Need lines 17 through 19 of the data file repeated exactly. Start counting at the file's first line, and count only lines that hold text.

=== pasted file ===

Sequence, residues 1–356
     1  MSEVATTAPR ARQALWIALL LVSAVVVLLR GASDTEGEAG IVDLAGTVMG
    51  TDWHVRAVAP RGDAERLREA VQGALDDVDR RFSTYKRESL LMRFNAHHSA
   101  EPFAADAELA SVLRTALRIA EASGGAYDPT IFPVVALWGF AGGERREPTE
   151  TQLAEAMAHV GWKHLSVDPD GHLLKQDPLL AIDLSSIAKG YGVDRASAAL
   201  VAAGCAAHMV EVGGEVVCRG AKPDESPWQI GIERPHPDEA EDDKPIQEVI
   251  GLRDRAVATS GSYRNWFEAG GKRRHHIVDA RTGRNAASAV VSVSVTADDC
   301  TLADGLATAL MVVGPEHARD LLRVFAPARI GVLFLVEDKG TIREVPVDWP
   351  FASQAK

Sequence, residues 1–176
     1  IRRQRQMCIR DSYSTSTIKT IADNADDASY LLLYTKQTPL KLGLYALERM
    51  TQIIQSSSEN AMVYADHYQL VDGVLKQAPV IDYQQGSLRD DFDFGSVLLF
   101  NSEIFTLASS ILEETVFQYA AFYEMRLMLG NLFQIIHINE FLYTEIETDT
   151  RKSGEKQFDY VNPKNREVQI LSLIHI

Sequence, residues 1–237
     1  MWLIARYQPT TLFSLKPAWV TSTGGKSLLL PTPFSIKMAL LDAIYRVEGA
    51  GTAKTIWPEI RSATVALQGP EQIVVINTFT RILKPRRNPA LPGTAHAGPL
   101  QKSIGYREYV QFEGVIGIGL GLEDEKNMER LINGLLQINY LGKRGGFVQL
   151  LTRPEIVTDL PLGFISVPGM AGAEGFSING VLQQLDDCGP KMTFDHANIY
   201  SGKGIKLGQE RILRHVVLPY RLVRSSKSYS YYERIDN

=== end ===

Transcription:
    51  GTAKTIWPEI RSATVALQGP EQIVVINTFT RILKPRRNPA LPGTAHAGPL
   101  QKSIGYREYV QFEGVIGIGL GLEDEKNMER LINGLLQINY LGKRGGFVQL
   151  LTRPEIVTDL PLGFISVPGM AGAEGFSING VLQQLDDCGP KMTFDHANIY